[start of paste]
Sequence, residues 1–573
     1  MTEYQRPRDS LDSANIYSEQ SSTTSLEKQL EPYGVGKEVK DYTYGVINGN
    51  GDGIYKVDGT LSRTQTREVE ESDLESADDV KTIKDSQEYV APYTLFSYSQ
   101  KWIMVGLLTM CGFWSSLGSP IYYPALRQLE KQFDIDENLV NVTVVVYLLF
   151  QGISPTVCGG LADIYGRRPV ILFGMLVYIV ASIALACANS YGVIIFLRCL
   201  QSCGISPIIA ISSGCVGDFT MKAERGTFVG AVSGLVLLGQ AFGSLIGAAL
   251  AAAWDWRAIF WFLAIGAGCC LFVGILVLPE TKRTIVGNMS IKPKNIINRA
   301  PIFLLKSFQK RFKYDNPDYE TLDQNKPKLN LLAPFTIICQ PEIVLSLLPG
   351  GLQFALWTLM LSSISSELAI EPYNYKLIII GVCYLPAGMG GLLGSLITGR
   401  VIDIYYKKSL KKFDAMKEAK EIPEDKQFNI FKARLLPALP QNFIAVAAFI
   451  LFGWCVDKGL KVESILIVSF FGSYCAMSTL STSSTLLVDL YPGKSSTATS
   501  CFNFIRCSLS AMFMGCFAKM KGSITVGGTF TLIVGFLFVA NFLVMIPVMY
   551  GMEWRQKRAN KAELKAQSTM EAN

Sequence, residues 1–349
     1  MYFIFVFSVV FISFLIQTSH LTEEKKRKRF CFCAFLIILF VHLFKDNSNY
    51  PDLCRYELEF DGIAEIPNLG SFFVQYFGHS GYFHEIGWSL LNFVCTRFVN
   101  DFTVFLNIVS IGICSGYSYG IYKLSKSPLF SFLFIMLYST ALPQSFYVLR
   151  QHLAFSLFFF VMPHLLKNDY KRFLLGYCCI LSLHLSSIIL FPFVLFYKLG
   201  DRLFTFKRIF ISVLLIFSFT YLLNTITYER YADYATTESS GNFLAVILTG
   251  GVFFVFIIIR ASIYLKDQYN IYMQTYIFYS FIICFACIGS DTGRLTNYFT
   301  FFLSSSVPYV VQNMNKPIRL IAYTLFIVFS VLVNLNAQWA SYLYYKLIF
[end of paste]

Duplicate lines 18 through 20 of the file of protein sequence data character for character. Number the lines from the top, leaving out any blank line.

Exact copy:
   151  QHLAFSLFFF VMPHLLKNDY KRFLLGYCCI LSLHLSSIIL FPFVLFYKLG
   201  DRLFTFKRIF ISVLLIFSFT YLLNTITYER YADYATTESS GNFLAVILTG
   251  GVFFVFIIIR ASIYLKDQYN IYMQTYIFYS FIICFACIGS DTGRLTNYFT